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Attachment theory has some major postulates that direct attention of psychologists from many different domains. First, the theory suggests that attachment is a lifetime process. This means that every human being from cradle to grave needs someone stronger to depend on in times of stress. Second, the attachment is a dynamic process and as one goes through developmental stages it is being transferred from one figure to another (friends, romantic partners). Third, the quality of attachment relationships later in time directly affected by the earliest attachment relationship established between the mother and the infant. Depending on these postulates, attachment literature focuses mostly on mother – child attachment during childhood and romantic relationship during adulthood. However, although romantic partners are important attachment figures in adults’ life, parents are not dropped out from the attachment hierarchy but they keep being important attachment figures. Despite the fact that parents could still be an important figure in adults’ life, adult – parent attachment is overlooked in the literature. Accordingly, this study focuses on adult daughters’ current attachment to their old mothers in relation with early parental bonding and current attachment to husbands. Participants of the study were 383 adult women (Average age = 40, ranging between 23 and 70) whose mothers were still alive and who were married at the time of the study. Participants were completed Adult Attachment Scale, Parental Bonding Instrument, and Experiences in Close Relationship – II together with demographic questionnaire. Results revealed that daughters’ attachment to their mothers weakens as they get older, have more children, and have longer marriages. Stronger attachment to mothers was found positively correlated with current satisfaction with the relationship, perception of maternal care before the age of 12 and negatively correlated with perception of controlling behavior before the age 12. Considering the relationship between current parental attachment and romantic attachment, it was found that as the current attachment to mother strengthens attachment avoidance towards husband decreases. Results revealed that although attachment between the adult daughters and old mothers weakens, the relationship is still critical in daughters’ lives. The strength of current attachment with the mother is related both with the early relationship with the mother and current attachment with the husband. The current study is thought to contribute to attachment theory emphasizing the attachment as a lifetime construct.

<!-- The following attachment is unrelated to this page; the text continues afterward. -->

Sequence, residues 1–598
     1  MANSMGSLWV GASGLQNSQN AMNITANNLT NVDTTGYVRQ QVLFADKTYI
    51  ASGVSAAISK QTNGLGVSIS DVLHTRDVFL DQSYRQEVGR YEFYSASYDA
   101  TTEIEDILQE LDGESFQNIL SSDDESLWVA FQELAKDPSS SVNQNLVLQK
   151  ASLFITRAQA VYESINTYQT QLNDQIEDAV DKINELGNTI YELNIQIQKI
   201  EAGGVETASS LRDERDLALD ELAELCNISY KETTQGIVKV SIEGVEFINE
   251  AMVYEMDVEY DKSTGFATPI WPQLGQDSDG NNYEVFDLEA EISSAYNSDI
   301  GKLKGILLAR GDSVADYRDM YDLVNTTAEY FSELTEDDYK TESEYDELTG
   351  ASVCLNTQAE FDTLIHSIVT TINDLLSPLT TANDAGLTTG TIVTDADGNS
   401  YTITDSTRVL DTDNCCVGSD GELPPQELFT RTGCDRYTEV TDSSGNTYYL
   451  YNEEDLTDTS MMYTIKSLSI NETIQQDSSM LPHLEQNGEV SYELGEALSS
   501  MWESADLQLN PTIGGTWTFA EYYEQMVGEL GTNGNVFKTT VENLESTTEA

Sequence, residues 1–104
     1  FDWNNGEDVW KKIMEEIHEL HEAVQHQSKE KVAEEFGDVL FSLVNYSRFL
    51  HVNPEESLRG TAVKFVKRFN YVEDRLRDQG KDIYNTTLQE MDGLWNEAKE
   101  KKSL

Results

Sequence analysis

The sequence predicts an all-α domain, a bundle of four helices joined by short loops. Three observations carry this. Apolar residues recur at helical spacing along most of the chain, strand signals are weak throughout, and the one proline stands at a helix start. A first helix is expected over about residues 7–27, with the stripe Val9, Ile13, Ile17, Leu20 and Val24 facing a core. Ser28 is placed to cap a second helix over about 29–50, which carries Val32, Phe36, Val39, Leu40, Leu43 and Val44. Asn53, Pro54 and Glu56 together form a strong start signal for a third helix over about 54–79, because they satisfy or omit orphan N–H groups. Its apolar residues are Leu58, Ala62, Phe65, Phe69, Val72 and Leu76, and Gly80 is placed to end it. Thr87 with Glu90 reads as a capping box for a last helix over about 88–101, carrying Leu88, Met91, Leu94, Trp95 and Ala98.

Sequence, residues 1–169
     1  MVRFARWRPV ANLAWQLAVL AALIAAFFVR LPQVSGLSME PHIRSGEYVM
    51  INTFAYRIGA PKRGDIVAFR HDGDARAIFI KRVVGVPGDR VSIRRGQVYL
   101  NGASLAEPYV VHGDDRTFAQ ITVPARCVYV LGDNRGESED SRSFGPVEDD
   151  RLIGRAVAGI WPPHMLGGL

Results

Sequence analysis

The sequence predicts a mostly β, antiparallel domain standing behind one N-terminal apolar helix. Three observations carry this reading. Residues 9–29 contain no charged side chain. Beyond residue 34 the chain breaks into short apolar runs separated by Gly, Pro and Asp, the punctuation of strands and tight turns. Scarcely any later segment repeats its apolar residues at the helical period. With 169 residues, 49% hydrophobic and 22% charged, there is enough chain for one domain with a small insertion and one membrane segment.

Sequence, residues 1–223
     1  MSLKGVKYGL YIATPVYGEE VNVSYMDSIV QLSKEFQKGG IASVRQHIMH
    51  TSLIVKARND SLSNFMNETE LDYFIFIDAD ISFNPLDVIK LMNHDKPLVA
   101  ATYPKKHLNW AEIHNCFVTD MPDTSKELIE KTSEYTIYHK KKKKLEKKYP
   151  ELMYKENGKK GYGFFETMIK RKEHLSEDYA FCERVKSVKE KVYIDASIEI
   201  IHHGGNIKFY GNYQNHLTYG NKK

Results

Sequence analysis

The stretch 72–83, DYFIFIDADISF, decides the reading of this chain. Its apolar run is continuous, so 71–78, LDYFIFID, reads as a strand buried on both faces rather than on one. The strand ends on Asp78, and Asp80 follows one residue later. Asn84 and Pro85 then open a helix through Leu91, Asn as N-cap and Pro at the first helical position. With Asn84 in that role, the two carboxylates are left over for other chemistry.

Keywords: adult daughter, attachment, old mothers, parental bonding

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55 Domestic Violence against Women and the Nutritional Status of Their Under-5 Children: A Cross Sectional Survey in Urban Slums of Chittagong, Bangladesh

Authors: Mohiuddin Ahsanul Kabir Chowdhury, Ahmed Ehsanur Rahman, Nazia Binte Ali, Abdullah Nurus Salam Khan, Afrin Iqbal, Mohammad Mehedi Hasan, Salma Morium, Afsana Bhuiyan, Shams El Arifeen

Abstract:

Violence against women has been treated as a global epidemic which is as fatal as any serious disease or accidents. Like many other low-income countries it is also common in Bangladesh. In spite of existence of a few documented evidences in some other countries, in Bangladesh, domestic violence against women (DVAW) is not considered as a factor for malnutrition in children yet. Hence, the aim of the study was to investigate the association between DVAW and the nutritional status of their under-5 children in the context of slum areas of Chittagong, Bangladesh. A Cross-sectional survey was conducted among 87 women of reproductive age having at least one child under-5 years of age and staying with husband for at least last 1 year in selected slums under Chittagong City Corporation area. Data collection tools were structured questionnaire for the study participants and mid-upper arm circumference (MUAC) to measure the nutritional status of the under-5 children. The data underwent descriptive and regression analysis. Out of 87 respondents, 50 (57.5%) reported to suffer from domestic violence by their husband during last one year. Physical violence was found to be significantly associated with age (p=0.02), age at marriage (p=0.043), wealth score (p=0.000), and with knowledge regarding law (p=0.017). According to the measurement of mid-upper arm circumference (MUAC) 21% children were suffering from severe acute malnutrition (SAM) and the same percentage of children were suffering from moderate acute malnutrition (MAM). However, unadjusted odds ratio suggested that there was negative association with domestic violence and nutritional status. But, the logistic regression confounding for other variable showed significant association with total family income (p=0.006), wealth score (p=0.031), age at marriage (p=0.029) and number of child (p=0.006). Domestic violence against women and under nutrition of the children, both are highly prevalent in Bangladesh. More extensive research should be performed to identify the factors contributing to the high prevalence of domestic violence and malnutrition in urban slums of Bangladesh. Household-based intervention is needed to limit this burning problem. In a nutshell, effective community participation, education and counseling are essential to create awareness among the community.